She is Kristen Dalton of North Carolina and she is now the paid Vestal Virgin of Mr. Donald Trump. The toupee went on to say, “We went back and added up the scores, and she (Carrie Prejean) would not have won anyway.” Does that remark seem a little “catty” to you? Cause it sure does to me.It seems to me that somewhere history has taken an unexpected turn, at least in America, and a turn which would have amused Aphrodite and maybe Queen Victoria, too. Somehow it seems that where we were talking about women, we are suddenly talking about gay men. And does that mean that talking about the sexual definition of straight men can be that far beyond? But that should not be a surprise. We have been talking about tramps and Queens, and we all fit into those categories, one way or another - often at the same time.

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Sunday, May 03, 2009

ONE-OH-THREE; CREATIVE BOOK KEEPING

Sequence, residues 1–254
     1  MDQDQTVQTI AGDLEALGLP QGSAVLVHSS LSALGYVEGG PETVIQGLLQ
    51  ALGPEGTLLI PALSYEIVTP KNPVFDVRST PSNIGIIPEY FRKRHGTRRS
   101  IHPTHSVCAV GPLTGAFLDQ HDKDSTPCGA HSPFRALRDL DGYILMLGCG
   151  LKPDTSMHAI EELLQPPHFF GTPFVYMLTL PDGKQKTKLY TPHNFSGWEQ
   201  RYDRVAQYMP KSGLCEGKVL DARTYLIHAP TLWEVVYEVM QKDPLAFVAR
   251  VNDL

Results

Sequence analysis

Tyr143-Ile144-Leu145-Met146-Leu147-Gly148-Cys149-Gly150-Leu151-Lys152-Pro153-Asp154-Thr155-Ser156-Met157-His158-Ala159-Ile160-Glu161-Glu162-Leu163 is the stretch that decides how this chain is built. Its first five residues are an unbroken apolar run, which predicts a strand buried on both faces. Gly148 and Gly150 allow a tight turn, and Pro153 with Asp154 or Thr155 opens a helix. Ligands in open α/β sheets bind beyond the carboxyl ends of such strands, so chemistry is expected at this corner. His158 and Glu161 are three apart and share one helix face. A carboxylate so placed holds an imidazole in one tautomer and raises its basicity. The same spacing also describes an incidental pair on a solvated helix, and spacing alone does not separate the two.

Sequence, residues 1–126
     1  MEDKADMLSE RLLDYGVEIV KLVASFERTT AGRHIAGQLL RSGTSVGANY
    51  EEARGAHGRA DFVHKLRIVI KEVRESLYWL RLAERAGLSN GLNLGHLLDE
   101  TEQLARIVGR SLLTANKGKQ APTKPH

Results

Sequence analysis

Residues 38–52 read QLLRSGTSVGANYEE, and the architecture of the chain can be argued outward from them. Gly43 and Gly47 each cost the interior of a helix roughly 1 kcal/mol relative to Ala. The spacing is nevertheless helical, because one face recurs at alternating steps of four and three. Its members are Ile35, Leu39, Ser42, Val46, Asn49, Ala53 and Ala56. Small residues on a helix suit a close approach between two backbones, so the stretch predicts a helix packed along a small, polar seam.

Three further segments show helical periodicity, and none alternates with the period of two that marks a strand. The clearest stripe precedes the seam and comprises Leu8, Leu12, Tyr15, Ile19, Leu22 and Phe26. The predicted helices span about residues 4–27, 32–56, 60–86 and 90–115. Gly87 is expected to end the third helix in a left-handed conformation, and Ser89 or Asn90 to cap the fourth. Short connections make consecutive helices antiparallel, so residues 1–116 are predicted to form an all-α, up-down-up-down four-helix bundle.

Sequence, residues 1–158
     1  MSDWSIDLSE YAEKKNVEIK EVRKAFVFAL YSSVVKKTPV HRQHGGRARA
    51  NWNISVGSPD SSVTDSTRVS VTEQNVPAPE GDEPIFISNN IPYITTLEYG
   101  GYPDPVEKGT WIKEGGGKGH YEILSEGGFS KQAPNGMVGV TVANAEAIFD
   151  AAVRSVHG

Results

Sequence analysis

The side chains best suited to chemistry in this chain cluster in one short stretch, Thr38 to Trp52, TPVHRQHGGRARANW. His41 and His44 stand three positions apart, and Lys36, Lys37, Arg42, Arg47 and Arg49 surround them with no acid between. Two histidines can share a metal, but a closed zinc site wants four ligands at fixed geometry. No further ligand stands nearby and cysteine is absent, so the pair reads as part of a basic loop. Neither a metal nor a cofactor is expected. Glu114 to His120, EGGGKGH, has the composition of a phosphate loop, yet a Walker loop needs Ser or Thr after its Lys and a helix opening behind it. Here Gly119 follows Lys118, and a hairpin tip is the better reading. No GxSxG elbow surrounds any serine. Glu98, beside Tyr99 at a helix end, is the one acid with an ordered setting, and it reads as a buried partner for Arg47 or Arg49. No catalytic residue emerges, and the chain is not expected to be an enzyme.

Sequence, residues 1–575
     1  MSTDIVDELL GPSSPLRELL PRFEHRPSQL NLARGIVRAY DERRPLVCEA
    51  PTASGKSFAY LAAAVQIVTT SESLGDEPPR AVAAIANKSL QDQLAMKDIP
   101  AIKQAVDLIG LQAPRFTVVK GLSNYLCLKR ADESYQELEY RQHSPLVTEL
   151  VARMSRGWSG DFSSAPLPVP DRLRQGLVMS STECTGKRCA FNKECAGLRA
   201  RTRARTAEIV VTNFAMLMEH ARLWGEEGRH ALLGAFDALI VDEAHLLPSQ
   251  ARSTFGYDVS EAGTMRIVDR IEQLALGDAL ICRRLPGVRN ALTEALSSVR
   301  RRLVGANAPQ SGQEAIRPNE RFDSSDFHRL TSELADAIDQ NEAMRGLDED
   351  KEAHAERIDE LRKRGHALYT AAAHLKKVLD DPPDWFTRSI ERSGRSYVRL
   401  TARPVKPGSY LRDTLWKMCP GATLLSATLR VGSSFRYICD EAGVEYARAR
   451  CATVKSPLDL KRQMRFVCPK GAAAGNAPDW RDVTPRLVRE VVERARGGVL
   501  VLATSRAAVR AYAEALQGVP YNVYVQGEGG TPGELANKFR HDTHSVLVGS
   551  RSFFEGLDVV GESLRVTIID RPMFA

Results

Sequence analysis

I think it was no coincidence that Herman Melville’s last novel, “The Confidence-Man: His Masquerade”, was published on April Fools Day, 1857. And in that strange and odd little book is one of the most troubling and depressing lines ever written by an American; “…in new countries, where the wolves are killed off, the foxes increase.” It is an idea which can give you nightmares if you think about it too much.Anthony De Angelis had little physical resemblance to either a wolf or a fox. Truly dangerous humans have that unpleasant ability to not look dangerous, nor to think themselves as such. Norman C. Miller noted that “Under (Anthony’s) folksy exterior…lie the vast self-confidence and the fierce ambition of a Caesar.” And one time analyst for CNBC Ron Insana described Anthony in his book “The Message of the Markets”, “As his bank account grew fatter, (Anthony) grew too - to a remarkable 240 pounds that hung heavily on his 5'5" frame.” All his life Anthony had a ravenous appetite.For five years Anthony deceived the inspectors from American Express Warehousing with a simple slight of hand to produce fraudulent inventories for his Constable Hook tank farm. He had then used the phony receipts as collateral for advances from the brokerage houses of Ira Haupt and Williston & Beane for purchases of vegetable and fish oil futures. That drove the price of the oils up, which drove the price of the futures up again. But somehow Anthony was always behind the curve. He even began to claim product in some 30 tanks on Constable Hook which he did not own, some of which actually held fuel oil and some of which did not even exist.